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FDIC Federal Register Citations


July 23, 2004

Jennifer J. Johnson, Secretary
Board of Governors of the Federal Reserve System
20th Street and Constitution Avenue, N.W.
Washington, DC 20551

Office of the Comptroller of the Currency
250 E Street, S.W.
Public Reference Room, Mail Stop 1—5
Washington, DC 20219

Robert E. Feldman, Executive Secretary
Attention: Comments
Federal Deposit Insurance Corporation
550 17th Street, N.W.
Washington, DC 20429

Regulation Comments
Chief Counsel’s Office
Office of Thrift Supervision
1700 G Street, N.W.
Washington, DC 20552
Attention No. 2004-26

Re: Proper Disposal of Consumer Information Under the Fair and Accurate Credit Transactions Act of 2003, OCC Docket No. 04-13; FRB Docket No. R-1199; FDIC RIN 3064-AC77; OTS No. 2004-26; 69 Federal Register 31913 (June 8, 2004)

Dear Sir or Madam:

The American Bankers Association (“ABA”) offers the following comments on
the interagency proposal to implement section 216 of the Fair and Accurate Credit
Transactions Act of 2003 (“the FACT Act”) by amending the Interagency
Guidelines Establishing Standards for Safeguarding Customer Information
(“Guidelines”). The proposal would require each financial institution to include
as part of its information security program appropriate measures to properly
dispose of consumer information derived from consumer reports to address the
risks associated with identity theft.

The ABA brings together all elements of the banking community to represent the
interests of this rapidly changing industry. Its membership – which includes
community, regional, and money center banks and holding companies, as well as
savings associations, trust companies, and savings banks – makes ABA the largest
banking trade association in the country.

The ABA and its membership have long been active in the battle to prevent
identity theft. In June 2000, the ABA Task Force on Responsible Use of
Customer information developed voluntary guidelines that reaffirmed the industry
commitment to maintaining confidentiality and security of customer data. In the
same period, ABA published its Communications Kit for Identity Theft to assist
member efforts to promote the sensible and secure handling and disposal of
financial information among bank employees and their customers. In 2002, ABA
released its Safeguarding Customer Information Toolbox, a member service to
guide banks through the process of assessing information security risks and
establishing appropriate policies and controls to manage those risks and protect
customer information.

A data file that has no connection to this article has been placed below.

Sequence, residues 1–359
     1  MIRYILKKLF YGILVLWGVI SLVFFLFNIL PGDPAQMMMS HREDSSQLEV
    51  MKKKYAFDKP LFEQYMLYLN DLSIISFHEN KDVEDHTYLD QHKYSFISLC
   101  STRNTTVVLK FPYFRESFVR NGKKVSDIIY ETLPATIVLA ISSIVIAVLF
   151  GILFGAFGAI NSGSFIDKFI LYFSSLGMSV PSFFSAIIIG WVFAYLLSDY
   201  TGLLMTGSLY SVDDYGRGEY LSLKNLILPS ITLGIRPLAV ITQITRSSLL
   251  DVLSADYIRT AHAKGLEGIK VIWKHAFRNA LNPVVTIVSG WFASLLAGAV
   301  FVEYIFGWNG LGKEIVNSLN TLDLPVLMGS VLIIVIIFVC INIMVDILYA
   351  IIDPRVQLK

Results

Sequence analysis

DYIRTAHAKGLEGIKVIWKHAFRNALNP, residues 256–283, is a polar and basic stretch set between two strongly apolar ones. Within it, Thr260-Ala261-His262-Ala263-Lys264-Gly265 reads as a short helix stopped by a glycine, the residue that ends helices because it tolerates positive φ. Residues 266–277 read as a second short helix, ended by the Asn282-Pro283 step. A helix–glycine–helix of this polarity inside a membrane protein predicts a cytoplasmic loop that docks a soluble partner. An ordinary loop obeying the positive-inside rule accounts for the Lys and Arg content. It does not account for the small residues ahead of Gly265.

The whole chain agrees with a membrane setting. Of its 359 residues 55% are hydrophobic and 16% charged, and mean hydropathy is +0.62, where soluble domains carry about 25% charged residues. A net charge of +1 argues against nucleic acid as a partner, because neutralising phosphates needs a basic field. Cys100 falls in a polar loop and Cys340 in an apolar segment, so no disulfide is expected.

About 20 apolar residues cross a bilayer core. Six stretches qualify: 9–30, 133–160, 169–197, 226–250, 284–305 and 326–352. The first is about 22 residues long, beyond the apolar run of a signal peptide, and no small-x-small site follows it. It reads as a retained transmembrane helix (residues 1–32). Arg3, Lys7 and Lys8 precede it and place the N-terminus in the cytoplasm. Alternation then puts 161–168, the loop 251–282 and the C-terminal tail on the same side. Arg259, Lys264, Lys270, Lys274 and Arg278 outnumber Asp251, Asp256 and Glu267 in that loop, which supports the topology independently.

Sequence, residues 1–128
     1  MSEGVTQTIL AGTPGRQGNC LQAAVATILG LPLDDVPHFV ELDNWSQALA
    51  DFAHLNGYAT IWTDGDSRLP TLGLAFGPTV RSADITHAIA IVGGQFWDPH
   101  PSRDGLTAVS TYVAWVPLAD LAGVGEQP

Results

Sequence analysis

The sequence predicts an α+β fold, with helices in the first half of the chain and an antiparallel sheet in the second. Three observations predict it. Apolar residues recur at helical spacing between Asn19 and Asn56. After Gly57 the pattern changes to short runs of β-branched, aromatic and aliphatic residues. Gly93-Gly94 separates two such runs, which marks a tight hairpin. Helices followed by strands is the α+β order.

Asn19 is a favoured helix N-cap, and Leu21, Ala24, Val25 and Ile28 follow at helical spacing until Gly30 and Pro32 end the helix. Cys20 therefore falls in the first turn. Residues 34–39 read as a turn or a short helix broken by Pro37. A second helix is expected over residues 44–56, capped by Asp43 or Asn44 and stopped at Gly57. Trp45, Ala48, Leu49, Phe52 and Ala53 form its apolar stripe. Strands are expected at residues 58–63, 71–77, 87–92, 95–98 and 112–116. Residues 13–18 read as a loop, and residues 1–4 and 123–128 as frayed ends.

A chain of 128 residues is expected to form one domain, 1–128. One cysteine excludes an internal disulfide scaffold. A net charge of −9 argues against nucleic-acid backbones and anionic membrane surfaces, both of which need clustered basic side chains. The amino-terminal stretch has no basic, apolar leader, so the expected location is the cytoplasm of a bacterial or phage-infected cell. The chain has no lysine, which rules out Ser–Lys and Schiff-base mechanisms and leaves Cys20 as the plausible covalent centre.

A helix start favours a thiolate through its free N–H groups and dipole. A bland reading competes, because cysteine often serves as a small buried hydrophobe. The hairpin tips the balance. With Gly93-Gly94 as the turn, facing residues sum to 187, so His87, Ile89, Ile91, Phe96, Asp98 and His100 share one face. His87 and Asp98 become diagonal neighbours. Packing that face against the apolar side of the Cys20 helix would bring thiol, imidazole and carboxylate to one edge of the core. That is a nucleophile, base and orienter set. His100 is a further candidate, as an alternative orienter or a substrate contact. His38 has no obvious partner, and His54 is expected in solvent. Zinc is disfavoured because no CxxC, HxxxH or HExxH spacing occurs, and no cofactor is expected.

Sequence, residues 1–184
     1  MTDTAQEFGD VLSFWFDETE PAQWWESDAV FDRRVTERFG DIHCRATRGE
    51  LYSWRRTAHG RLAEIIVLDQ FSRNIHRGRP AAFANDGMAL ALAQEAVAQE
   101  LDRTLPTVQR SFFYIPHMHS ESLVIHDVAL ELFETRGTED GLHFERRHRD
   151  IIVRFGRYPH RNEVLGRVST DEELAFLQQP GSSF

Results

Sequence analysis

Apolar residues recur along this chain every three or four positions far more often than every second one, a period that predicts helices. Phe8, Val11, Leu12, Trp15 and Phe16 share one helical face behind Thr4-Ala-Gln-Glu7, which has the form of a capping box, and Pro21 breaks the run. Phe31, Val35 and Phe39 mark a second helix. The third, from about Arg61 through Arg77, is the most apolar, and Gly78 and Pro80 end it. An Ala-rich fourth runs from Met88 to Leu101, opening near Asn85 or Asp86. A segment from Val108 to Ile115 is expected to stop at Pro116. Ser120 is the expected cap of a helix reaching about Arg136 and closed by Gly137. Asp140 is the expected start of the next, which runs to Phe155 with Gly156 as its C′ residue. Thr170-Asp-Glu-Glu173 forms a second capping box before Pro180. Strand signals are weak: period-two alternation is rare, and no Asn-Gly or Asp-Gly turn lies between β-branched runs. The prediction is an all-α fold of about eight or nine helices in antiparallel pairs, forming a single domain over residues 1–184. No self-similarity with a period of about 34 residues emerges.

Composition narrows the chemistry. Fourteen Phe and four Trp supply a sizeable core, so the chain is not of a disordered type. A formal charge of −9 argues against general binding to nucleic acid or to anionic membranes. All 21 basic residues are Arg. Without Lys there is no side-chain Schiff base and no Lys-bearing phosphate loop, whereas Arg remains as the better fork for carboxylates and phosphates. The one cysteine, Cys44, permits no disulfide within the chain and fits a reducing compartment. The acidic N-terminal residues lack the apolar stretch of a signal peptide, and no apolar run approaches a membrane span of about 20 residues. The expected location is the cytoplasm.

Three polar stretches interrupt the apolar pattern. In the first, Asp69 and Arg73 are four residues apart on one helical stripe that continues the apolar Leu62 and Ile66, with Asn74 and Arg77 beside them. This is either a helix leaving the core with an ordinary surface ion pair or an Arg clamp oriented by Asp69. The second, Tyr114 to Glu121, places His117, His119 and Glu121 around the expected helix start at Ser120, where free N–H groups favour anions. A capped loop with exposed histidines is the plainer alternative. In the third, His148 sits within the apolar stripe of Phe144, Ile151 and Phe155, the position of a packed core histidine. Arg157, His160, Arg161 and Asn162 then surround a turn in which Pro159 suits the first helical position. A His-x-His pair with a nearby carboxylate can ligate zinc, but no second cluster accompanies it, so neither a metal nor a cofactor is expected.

The ABA supports this proposal as a flexible and sound method for achieving
appropriate disposal of consumer information consistent with the banking
industry’s commitment to safeguard an individual’s sensitive financial
information and combat the risks of identity theft that threaten both consumers
and their banks. We recognize and endorse the agencies’ efforts to integrate the
obligations mandated by section 216 of the FACT Act within the established
Guidelines that govern the implementation of industry customer information
systems. By incorporating the consumer information disposal requirements within
the Guidelines, the agencies’ proposal fosters the adoption of a comprehensive
and secure information disposal program, while avoiding undue regulatory burden
that could otherwise result from imposing separate standards independent from
the existing guidance regimen. ABA applauds this integrated approach.

We comment more specifically below on certain features of the proposal.

Personally Identifiable Records

The ABA considers the proposal’s inclusion of the requirement that any record of
consumer information be “about an individual” to be vital to properly tailoring the
Guidelines to the information security risks relevant to guarding against identity
theft. As explained in the preamble, a record is not “about an individual,” if “it
does not identify a particular consumer.” This element of the definition of
consumer information is essential to drawing the necessary operational lines for
staff to follow to distinguish between information whose disposal does or does not
contribute to the risk of identity theft. This requirement also ensures parallel
treatment by the Guidelines of customer information and consumer information,
because both will be predicated on the concept of being personally identifiable.

Accordingly, ABA recommends that the Guidelines’ definition of consumer
information explicitly incorporate the requirement of “personally identifiable” in
addition to the qualification that a record be “about an individual.” The current
definition of customer information contains a similar emphasis by using both the
description “nonpublic personal information as defined in [§XXX.3(n)]” and the
qualifying phrase “about a customer.” The regulatory definition of “nonpublic
personal information” expressly requires such information to be “personally
identifiable.” See e.g., 12 C.F.R. §40.3(n)(1)(i). It is therefore consistent with the
existing definition of customer information in the Guidelines to have the parallel
definition of consumer information expressly include both modifiers: “personally
identifiable” and “about an individual.” Consequently, ABA urges the agencies
to change the proposed definition to begin as follows: “Consumer information
means any personally identifiable record about an individual, …” Making this
insertion in the final rule will clarify the agencies’ intent as expressed in the
preamble, underscore the identity theft prevention goals of section 216 of the
FACT Act and realize the statutory direction to ensure information security
requirements under GLBA and the FACT Act are consistent.

Information from Consumer Reports

The agencies solicit comment on the definition’s use of the statutorily required
phrase “derived from [a] consumer report[s]” as applied by examples in the
preamble. ABA understands that the point of the examples and commentary is to
capture as consumer information, personally identifiable records that (i) contain
information extracted from a consumer report, (ii) combine information from a
consumer report with information from other sources, and (iii) have lost their